Joseph Schooling: The rise & fall of S’pore’s first Olympic gold medallist

Singaporean Olympic champion Joseph Schooling: His highs and lows

Known for clinching the first Olympic gold medal for Singapore and defeating American swimming legend Michael Phelps, Joseph Schooling was, at one point, the Golden Boy of the nation. 

His triumph at the 2016 Summer Olympics in Rio de Janeiro catapulted him to instant recognition among the general public and the establishment, earning him a Pingat Jasa Gemilang (Meritorious Service Medal) in a time when sports was not exactly the main priority of the Southeast Asian business hub. 

Prime Minister Lee Hsien Loong, former Prime Minister Goh Chok Tong, and then-President Tony Tan, who was present at the historic race, were among the ones who led the country in extending a hero’s welcome to the then-21-year-old. 

Source: MParader on Facebook

He also received one million KrisFlyer miles from Singapore Airlines for his achievement. 

As Schooling transitioned to a pro-athlete full-time in 2018, Hugo Boss stepped up and enlisted him to be its first Singaporean ambassador. The same year, he won two more golds for Singapore at the Asian Games, and even opened his own swim school, aptly christened Swim Schooling, with his mother.

But, as the saying goes: What goes up must come down. After setting eight national records — including six individual ones — Schooling stared down some difficult years. 

The challenges included the passing of his beloved father, enlisting for mandatory National Service (NS), and failing to qualify for important sporting events. 

Although he won two more gold medals at the 2021 Southeast Asian (SEA) Games, which was held in Hanoi in May 2022, things seemingly came to a head when he confessed to consuming cannabis while training overseas on a short-term NS disruption.

Two years later, on 2 April 2024, the Olympian made the public announcement that he will be retiring from competitive swimming and will instead pursue other interests.

Two months shy of his 29th birthday, the ‘dream’, as they say, came to an end.

Parents spent S$1 million out of their own pockets & mortgaged their house to send Joseph Schooling overseas

Born Joseph Isaac Schooling on 16 June 1995, the precocious boy first took on the pool at the tender age of four

Source: @josephschooling on Instagram

His parents, Perak native May Yim and Singaporean Eurasian businessman Colin Schooling, have been hands-on with their son’s athletic pursuits from day one. Reportedly, they spent upwards of S$1 million, inclusive of loans, for his education and training from his early days in the sport, up until his Olympics win. 

After their son first expressed interest in swimming as a child, Mr and Mrs Schooling sent him for a bone age test to determine whether he has the growth potential to make it big in the sport. 

When he was 13 years old, inspired by the story of his grand-uncle Lloyd Valberg, Singapore’s first Olympian, the aspiring swimmer made the decision to move to the United States (US) to chase his dreams.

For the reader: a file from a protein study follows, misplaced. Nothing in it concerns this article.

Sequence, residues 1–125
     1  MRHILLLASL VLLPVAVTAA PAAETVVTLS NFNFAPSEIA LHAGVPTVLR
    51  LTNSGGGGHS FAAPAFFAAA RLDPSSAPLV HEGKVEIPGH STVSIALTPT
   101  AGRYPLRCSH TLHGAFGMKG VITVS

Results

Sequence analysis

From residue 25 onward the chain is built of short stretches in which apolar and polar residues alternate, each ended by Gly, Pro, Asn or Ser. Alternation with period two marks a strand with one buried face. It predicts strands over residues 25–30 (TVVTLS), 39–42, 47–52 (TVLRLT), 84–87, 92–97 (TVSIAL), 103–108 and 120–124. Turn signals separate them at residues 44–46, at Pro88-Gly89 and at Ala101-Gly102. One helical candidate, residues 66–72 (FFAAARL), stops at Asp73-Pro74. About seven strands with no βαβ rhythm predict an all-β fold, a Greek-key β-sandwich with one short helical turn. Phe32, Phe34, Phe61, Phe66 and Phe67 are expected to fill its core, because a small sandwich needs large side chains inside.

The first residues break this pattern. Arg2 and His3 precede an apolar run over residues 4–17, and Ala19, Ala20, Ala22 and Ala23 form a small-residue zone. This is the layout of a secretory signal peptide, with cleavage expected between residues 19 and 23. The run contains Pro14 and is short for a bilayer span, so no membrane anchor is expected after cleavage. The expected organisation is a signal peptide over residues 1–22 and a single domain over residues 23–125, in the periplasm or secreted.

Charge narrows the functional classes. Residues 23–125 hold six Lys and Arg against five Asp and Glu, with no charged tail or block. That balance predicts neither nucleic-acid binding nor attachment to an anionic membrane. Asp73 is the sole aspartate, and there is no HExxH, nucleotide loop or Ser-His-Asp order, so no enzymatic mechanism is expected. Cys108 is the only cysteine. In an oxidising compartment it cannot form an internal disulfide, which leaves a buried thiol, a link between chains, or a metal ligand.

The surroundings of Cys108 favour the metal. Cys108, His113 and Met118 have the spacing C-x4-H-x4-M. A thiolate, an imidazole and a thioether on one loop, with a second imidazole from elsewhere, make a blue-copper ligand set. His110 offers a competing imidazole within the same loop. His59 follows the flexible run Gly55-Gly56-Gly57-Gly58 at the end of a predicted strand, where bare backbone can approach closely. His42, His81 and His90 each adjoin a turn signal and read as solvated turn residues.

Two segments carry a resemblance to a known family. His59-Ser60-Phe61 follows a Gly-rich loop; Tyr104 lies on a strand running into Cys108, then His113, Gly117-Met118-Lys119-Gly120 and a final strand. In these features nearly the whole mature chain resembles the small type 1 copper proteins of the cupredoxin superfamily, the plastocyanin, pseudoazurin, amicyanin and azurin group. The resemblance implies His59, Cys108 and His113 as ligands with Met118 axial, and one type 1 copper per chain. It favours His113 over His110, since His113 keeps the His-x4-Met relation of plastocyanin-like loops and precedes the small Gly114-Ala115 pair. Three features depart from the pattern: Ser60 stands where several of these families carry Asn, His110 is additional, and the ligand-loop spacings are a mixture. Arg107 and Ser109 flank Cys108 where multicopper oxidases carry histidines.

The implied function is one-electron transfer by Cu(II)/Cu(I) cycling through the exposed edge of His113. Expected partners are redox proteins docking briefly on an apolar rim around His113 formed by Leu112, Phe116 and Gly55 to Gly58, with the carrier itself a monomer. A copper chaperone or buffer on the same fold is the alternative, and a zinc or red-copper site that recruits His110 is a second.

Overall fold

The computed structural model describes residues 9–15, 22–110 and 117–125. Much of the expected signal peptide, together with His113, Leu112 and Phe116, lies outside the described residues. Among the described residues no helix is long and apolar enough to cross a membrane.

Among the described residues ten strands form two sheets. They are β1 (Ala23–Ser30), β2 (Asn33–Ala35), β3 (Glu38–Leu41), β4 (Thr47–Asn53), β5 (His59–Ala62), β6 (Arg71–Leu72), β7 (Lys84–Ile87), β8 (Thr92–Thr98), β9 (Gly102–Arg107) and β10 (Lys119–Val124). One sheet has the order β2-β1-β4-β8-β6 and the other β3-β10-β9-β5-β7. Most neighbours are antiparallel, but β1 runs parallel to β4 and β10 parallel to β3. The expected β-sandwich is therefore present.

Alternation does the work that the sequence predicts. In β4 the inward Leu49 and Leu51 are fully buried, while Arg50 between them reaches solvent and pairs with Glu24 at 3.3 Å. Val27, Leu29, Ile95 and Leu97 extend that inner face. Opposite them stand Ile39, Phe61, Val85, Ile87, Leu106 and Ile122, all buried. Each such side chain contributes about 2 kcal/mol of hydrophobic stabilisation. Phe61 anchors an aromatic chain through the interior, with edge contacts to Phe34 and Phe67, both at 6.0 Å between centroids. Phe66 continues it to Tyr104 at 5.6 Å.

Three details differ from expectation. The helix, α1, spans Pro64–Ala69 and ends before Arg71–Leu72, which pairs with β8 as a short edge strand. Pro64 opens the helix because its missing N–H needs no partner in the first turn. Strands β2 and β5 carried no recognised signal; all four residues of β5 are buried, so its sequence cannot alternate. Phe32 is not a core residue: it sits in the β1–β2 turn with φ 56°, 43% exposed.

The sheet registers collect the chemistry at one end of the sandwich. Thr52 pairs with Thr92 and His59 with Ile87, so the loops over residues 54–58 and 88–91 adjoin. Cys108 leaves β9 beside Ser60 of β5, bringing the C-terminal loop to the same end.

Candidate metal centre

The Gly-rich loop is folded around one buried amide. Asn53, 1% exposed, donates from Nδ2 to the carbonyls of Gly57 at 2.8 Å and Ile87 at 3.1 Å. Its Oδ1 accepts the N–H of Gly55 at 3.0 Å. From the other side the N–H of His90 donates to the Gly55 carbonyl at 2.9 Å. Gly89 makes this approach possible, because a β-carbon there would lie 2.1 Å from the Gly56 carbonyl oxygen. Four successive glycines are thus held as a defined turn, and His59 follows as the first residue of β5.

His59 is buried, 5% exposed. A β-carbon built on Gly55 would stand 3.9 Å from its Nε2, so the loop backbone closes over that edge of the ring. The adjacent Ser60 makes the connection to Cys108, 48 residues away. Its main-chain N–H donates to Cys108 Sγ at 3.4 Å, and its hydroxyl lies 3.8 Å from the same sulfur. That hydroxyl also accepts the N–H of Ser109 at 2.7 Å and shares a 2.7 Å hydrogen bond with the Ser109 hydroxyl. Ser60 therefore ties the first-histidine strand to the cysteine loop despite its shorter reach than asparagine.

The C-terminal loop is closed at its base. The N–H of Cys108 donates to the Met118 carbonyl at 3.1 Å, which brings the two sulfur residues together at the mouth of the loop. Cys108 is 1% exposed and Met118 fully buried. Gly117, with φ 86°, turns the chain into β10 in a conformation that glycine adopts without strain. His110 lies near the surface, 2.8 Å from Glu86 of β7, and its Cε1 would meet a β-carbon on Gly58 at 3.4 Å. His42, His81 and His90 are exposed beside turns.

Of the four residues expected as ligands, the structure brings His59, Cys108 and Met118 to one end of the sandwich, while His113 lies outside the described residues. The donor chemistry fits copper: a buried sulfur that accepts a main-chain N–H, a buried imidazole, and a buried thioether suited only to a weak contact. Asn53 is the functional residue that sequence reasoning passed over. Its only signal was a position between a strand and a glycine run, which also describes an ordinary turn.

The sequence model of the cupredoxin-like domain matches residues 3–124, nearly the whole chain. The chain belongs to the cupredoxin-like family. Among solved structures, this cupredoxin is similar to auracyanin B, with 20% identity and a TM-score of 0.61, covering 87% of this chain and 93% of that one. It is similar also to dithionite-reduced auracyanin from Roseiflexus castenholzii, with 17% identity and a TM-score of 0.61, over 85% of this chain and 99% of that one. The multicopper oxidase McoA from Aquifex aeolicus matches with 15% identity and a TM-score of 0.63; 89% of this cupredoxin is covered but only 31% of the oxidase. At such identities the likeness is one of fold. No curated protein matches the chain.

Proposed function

In 2009, the Anglo-Chinese School (Independent) alum enrolled in a preparatory school, the Bolles School, in Florida.

In order to afford sending him to the US, his parents had to mortgage their house — an admittedly unconventional and risky venture.

Source: @josephschooling on Instagram

A year later, Joseph Schooling began training under renowned coach Sergio Lopez, who would later go on to become Singapore’s national head coach in 2016. 

It was during this time that he started breaking records ubiquitously, starting in 2011, first in a 4×100 yards medley relay, and then in the 100m butterfly, 200m butterfly, and 200 individual medley segments when he briefly returned to Singapore for the National Swimming Championships.

At the Asean School Games in July that year, he broke his own records at the 50m, 100m, and 200m butterfly segments. 

Road to victory at the 2016 Rio Olympics marked with other achievements

His first big break came in November 2011, when he became the first Singaporean swimmer to meet the Olympics “A” qualifying time for the 2012 London Olympics at the SEA Games in Indonesia in record time. 

For that event, Schooling clocked 1:56.67 to win the 200m fly. On top of that, he collected the Gold, Silver, and Bronze medals in the 50m fly, 200m individual medley, and the 100m fly segments respectively. 

However, his debut at the 2012 Olympics in London met a hiccup when his swim cap and goggles failed to meet Olympic regulations and were thus rejected, causing him to fluster. 

Moments after he finished in last place, he put out a post on then-Twitter about how it affected his performance: “Disappointed with my swim. Right before I had to swim the officials tell me I can’t use TYR… thanks for messing my swim.”

That did not cause him to waver in the long run, however, as Schooling continued to dominate at competitions in the US and Southeast Asia throughout 2013. 

In fact, he was performing so well that the Singapore Government granted him a long-term deferment from NS — the first athlete with this privilege — so that he could fully focus on gunning for a medal at the 2016 Olympics.

After graduating from high school, Schooling enrolled into the Economics course at the University of Texas at Austin in 2014.